I don’t want to forget Tuesday night. I probably wouldn’t anyway, but I want to write about it, to tell the world about it.
My daddy might not remember the year he was born, or where the bathroom is or the front door, or how to put on his shoes, but he remembers the hymns he sang for decades in the pews of Marsh Swamp Free Will Baptist Church.
My daughter, Anna, and I stopped by Mama and Daddy’s last night after a visit to the county fair. Mama had a miserable day, and when I left her at suppertime, her eyes were red from hours of crying and frustration. I gave her a big hug, squeezed her hand and promised I’d be back before bedtime.
But it was Daddy who needed me more last night. Nighttime is nightmare time for Daddy. He has what’s known in the world of Alzheimer’s as Sundowners. Once the sun goes down, and actually a few hours before, what’s left of his sensibilities escapes him.
He panics and frets and complains and worries: Where will he sleep? Does anyone know where the bed is? How will he stand up from the couch? Will his feet reach the floor? How in the world will he take off all these clothes? Who will help him put on his night clothes? Who will help him take them off in the morning? Is anyone going to feed him? It goes on and on for hours.
He was in full panic mode when Anna and I arrived. Already dressed in his black and gray plaid pajamas, he was leaning to the right, almost falling over against the side of the couch, worrying aloud and loudly how he was going to get up.
“Will someone help me get up? I’ve got to get up from here.” It’s a common refrain with no real answer. If you ask him where he wants to go his response is: “I don’t know. How in the world am I supposed to know?”
I worked hard to distract him by rubbing his leg, talking softly and encouraging him to relax and calm down. He was having none of it.
“Why don’t we sing?” I said. He didn’t even move his head from its resting spot on the sofa, but his face perked up a little. “Do you want to sing? We can sing some church songs.”
“Those are good ones,” he said.
“What shall we sing?” I asked him. He didn’t have any suggestions. My mind raced through the hymns I grew up with, and I tried to think of ones I could remember. I felt like I was on a stage and sort of panicked myself because no song names came to mind. Then I remembered one:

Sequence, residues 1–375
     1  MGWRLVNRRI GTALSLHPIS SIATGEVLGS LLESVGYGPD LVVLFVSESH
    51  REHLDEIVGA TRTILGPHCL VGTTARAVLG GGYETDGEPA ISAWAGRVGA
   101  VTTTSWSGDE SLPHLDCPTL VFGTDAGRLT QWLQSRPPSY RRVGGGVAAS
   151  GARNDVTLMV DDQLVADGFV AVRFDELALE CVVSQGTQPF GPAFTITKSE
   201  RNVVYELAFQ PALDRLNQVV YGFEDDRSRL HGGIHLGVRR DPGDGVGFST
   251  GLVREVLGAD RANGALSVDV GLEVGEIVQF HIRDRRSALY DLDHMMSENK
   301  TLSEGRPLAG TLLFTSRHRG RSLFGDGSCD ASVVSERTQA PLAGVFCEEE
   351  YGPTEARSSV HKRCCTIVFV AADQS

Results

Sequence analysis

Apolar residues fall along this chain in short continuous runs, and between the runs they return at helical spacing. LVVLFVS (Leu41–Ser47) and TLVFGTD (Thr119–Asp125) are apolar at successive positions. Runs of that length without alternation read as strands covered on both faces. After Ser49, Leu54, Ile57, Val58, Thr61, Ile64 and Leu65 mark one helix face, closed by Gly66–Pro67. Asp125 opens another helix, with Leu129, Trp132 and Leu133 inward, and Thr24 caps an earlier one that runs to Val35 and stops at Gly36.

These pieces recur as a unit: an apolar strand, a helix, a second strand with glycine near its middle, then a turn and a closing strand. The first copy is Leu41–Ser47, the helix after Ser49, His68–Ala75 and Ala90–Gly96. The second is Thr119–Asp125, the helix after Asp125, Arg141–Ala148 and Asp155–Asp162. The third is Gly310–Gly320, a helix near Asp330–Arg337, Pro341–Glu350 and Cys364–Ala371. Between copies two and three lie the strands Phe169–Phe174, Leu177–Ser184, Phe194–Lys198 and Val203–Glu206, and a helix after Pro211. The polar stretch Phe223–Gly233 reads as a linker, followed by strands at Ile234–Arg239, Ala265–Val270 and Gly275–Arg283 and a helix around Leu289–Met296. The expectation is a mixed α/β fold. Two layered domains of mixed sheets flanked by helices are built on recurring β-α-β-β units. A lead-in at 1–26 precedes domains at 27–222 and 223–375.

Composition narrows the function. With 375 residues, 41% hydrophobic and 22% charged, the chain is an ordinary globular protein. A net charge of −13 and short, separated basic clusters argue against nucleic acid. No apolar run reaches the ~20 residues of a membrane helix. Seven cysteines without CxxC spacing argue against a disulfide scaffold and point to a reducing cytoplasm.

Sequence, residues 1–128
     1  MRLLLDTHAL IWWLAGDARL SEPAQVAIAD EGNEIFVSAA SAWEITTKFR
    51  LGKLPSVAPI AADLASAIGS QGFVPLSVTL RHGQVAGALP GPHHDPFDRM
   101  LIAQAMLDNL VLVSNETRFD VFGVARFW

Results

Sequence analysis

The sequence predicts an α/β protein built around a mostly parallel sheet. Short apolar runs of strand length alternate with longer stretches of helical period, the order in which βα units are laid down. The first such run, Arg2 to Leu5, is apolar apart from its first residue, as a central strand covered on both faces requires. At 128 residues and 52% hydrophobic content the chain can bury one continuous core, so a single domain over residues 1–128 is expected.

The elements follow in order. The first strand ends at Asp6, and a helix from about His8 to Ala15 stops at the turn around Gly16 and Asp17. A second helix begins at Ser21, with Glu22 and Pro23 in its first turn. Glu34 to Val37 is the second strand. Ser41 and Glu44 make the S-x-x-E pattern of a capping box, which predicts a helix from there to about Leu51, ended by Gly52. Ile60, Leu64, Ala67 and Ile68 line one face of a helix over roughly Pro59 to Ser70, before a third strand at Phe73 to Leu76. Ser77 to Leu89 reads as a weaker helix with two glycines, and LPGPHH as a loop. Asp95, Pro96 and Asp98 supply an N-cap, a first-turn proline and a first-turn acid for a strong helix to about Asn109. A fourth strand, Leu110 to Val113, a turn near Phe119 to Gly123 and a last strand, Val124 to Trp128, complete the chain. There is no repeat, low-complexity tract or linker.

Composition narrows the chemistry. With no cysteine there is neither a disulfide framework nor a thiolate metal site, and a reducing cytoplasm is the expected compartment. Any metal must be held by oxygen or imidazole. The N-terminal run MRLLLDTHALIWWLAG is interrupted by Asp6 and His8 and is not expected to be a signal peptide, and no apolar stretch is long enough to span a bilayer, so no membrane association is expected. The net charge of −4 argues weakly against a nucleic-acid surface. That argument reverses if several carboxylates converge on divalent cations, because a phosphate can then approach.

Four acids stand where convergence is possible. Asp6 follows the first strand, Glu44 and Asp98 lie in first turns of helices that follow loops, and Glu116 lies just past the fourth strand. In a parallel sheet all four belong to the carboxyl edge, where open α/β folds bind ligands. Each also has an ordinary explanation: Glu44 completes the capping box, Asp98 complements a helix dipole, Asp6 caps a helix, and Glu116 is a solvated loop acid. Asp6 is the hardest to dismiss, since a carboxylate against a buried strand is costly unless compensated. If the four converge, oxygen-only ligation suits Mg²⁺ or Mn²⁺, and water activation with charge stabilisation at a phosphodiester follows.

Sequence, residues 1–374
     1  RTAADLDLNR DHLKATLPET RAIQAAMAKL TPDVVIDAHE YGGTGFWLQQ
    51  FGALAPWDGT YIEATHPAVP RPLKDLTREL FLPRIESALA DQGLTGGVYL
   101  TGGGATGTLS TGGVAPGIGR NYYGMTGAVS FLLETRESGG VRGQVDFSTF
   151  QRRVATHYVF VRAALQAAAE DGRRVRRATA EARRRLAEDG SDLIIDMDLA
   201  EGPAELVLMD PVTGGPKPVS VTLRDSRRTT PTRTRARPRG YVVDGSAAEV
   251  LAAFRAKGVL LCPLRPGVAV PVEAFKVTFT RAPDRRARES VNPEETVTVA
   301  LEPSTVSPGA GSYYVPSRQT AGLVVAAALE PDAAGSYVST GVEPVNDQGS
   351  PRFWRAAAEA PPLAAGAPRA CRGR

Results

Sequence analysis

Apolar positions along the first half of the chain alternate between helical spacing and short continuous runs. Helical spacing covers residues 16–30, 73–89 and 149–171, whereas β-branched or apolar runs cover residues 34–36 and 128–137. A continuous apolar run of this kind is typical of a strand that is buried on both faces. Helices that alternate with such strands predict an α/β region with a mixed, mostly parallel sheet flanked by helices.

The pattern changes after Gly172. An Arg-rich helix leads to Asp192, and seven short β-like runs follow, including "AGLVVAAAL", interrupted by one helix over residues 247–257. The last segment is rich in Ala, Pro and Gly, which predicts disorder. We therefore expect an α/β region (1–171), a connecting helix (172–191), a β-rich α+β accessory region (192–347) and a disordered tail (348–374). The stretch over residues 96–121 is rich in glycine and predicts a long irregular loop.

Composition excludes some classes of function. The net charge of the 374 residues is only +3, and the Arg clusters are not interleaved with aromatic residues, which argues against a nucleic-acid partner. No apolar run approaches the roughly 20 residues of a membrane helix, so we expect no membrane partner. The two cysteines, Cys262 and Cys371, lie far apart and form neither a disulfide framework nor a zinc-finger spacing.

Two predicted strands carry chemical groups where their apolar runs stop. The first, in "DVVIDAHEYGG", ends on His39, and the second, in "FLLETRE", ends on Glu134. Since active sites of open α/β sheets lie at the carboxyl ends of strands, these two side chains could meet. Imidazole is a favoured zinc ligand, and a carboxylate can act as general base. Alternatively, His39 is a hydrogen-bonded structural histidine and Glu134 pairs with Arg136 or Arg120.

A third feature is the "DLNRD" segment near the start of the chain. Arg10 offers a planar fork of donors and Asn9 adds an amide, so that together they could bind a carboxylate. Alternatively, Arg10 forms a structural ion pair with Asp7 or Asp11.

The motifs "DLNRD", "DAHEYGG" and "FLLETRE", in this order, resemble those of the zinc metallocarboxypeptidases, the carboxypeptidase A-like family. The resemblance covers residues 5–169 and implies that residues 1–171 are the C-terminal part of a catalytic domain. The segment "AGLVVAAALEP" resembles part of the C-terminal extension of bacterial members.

“I was sinking deep in sin, far from the peaceful shore. Very deeply stained within, sinking to rise no more.”
Daddy still didn’t move, and I wondered if he was even listening to me.
“But the Master of the sea heard my despairing cry …”
And then I heard it. His weakened but beautiful voice joined in:
“From the waters lifted me now safe am I. Love lifted me. Love lifted me. When nothing else could help love lifted me.”
We sang along until we came to the end. I had his attention! He was distracted! He was singing!
Anna was amazed. I was ecstatic.
But what could we sing next?
Suddenly I was flooded with ideas, and we sang “How Great Thou Art,” “Just As I Am,” “Jesus Loves Me.” He didn’t always sing along with the verses, but by the time I hit the chorus, he would join in.
Then I remembered another song, which I knew was one of his favorites:
“When the trumpet of the Lord shall sound, and time shall be no more, and the morning breaks, eternal bright and fair.”
He finally picked up his head and I saw, I really did, a sparkle in his eye. A recognition. A flash of a memory perhaps. And, definitely, joy.
He sang along with me and really piped in when we got to the chorus:
“When the roll is called up yonder I’ll be there.”
But as soon as we finished, he started worrying again. “How am I going to get up?” he asked Anna.
“Daddy,” I said, “let’s think of something else to sing.”
He didn’t want to sing anymore and asked me to stop. But I’m not one to take no for an answer and asked him what was his favorite hymn. He sang a few lines from “When the Roll is Called Up Yonder “ again, and I joined in.
Then I asked him if he remembered “I Come to the Garden Alone”?
He hesitated for a few seconds, then looked straight ahead and sang by himself, his voice even weaker because I had tired him out. Weaker but even more beautiful and determined: “I come to the garden alone. While the dew is still on the roses.”
Anna looked at her grandpa, her eyes wide open with amazement and on the verge of tears. Tears did fill my eyes, but I started singing and didn’t worry if my emotion showed and my voice cracked.
“And the voice I hear, falling on my ear, the son of God discloses. And he walks with me and he talks with me, and he tells me I am his own…”
We sang the whole song. He knew every word. Every word.
But on most days, he can’t tell you the city we live in and doesn’t believe he’s in the right house. And many days he can’t recognize family members. But he knows the words of the songs he sang at his beloved Marsh Swamp Church.
I’ve read that our earliest memories are our strongest memories. I believe that’s true. I also believe I’ll have the memory of Tuesday night for years to come. I only wish Daddy could remember it too.